Development of an ultra-high temperature infrared scene projector at Santa Barbara Infrared Inc.
The rapid development of very-large format infrared detector arrays has challenged the IR scene projector community to develop correspondingly larger-format infrared emitter arrays to support the testing needs of systems incorporating these detectors. As with most integrated circuits, fabrication yields for the read-in integrated circuit (RIIC) that drives the emitter pixel array are expected to drop dramatically with increasing size, making monolithic RIICs larger than the current 1024x1024 format impractical and unaffordable. Additionally, many scene projector users require much higher simulated temperatures than current technology can generate to fully evaluate the performance of their systems and associated processing algorithms. Under the Ultra High Temperature (UHT) development program, Santa Barbara Infrared Inc. (SBIR) is developing a new infrared scene projector architecture capable of producing both very large format (>1024x1024) resistive emitter arrays and improved emitter pixel technology capable of simulating very high apparent temperatures. During an earlier phase of the program, SBIR demonstrated materials with MWIR apparent temperatures in excess of 1000K. New emitter materials have subsequently been selected to produce pixels that achieve even higher apparent temperatures. Test results from pixels fabricated using the new material set will be presented and discussed. Also in development under the same UHT program is a 'scalable' RIIC that will be used to drive the high temperature pixels. This RIIC will utilize through-silicon vias (TSVs) and quilt packaging (QP) technologies to allow seamless tiling of multiple chips to fabricate very large arrays, and thus overcome the inherent yield limitations of very-large-scale integrated circuits. Current status of the RIIC development effort will also be presented.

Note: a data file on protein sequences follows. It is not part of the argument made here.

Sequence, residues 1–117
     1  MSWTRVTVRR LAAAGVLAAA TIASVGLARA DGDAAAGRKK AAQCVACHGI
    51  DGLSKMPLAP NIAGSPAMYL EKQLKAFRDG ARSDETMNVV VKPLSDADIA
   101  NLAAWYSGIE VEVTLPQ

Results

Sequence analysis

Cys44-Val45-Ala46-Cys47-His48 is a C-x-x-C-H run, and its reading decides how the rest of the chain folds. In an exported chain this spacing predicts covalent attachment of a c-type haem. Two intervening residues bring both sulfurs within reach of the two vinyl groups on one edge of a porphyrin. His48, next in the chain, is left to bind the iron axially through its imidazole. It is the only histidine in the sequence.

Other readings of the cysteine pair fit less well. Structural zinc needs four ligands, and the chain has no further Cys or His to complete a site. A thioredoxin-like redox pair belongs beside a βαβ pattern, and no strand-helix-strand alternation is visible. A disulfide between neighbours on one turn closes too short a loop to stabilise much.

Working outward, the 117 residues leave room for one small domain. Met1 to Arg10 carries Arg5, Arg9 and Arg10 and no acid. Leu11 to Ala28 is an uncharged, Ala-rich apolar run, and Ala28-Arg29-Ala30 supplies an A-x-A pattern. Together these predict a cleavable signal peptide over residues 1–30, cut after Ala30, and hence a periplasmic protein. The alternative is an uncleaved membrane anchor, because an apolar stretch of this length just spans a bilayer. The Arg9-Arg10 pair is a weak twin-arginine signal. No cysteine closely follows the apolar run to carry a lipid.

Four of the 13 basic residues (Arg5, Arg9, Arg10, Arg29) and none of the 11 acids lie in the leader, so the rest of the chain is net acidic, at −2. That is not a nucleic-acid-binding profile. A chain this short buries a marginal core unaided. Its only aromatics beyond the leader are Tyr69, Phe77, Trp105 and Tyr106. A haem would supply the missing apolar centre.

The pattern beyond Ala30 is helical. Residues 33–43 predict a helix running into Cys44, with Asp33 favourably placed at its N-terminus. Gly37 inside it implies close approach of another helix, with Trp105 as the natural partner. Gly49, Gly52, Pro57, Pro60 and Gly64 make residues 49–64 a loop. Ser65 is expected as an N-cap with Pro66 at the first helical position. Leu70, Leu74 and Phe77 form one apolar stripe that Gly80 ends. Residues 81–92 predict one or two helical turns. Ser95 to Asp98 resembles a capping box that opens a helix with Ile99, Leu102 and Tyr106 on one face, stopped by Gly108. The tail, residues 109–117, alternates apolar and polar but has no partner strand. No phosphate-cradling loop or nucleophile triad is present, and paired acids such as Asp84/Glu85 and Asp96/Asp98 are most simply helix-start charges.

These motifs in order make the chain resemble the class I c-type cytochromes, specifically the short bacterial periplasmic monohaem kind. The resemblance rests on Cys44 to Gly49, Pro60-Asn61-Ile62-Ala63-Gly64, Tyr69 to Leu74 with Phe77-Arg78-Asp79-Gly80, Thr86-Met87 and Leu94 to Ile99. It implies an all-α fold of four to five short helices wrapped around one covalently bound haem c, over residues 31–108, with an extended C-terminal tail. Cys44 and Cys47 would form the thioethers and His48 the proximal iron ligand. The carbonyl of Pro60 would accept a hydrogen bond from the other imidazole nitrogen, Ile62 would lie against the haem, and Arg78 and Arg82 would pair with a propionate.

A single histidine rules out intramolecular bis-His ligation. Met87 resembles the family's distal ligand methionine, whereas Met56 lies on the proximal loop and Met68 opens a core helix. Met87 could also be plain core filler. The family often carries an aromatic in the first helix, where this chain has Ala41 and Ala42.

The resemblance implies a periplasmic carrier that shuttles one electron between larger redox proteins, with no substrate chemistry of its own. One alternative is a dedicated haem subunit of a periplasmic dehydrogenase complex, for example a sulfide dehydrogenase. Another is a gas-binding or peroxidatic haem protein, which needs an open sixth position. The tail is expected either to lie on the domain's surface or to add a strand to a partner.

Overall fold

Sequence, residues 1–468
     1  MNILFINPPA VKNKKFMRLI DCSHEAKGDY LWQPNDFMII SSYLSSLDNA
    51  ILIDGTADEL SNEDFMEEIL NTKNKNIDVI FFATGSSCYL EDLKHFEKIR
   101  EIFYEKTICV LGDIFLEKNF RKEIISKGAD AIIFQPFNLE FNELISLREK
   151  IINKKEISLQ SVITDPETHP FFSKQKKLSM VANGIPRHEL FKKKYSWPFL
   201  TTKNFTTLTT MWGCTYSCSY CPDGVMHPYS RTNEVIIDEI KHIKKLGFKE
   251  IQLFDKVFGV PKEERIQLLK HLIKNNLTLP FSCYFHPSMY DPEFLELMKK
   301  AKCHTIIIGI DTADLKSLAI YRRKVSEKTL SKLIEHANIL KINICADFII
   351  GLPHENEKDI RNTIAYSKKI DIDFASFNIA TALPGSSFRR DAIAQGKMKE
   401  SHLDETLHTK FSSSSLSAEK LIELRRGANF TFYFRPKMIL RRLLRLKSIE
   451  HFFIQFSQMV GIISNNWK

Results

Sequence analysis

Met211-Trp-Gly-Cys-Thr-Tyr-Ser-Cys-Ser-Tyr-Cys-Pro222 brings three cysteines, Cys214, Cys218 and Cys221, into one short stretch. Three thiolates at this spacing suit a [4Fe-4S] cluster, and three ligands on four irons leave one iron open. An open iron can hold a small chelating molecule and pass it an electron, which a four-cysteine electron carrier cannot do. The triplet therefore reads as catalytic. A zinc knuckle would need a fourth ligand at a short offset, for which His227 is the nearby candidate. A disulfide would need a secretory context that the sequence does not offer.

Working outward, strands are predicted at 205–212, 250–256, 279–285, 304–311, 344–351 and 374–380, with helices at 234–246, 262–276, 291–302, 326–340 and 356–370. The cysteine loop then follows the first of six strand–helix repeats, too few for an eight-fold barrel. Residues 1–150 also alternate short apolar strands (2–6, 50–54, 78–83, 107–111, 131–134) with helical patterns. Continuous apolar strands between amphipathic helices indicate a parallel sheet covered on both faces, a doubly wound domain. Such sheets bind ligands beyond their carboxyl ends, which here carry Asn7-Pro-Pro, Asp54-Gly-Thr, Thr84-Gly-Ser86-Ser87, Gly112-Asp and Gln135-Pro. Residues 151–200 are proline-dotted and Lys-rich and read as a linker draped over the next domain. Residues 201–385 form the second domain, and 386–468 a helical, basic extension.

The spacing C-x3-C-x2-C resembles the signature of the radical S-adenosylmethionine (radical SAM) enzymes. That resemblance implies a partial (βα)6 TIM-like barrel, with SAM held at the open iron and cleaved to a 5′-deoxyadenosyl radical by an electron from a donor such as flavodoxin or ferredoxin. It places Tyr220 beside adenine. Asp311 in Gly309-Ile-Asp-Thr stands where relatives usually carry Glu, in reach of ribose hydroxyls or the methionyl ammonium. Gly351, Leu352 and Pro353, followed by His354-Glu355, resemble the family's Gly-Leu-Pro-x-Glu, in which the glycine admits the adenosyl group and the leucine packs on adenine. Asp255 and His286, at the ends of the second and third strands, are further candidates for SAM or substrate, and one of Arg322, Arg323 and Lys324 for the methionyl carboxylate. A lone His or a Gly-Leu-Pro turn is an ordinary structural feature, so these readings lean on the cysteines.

|Hardware-in-the-loop, Infrared scene projection, Quilt packaging, Through-silicon via, UHT|
|Infrared Imaging Systems: Design, Analysis, Modeling, and Testing XXVI|
|Organisation||Department of Systems and Computer Engineering|
Franks, G, LaVeigne, J. (Joe), Danielson, T. (Tom), McHugh, S. (Steve), Lannon, J. (John), & Goodwin, S. (Scott). (2015). Development of an ultra-high temperature infrared scene projector at Santa Barbara Infrared Inc. In Proceedings of SPIE - The International Society for Optical Engineering. doi:10.1117/12.2177448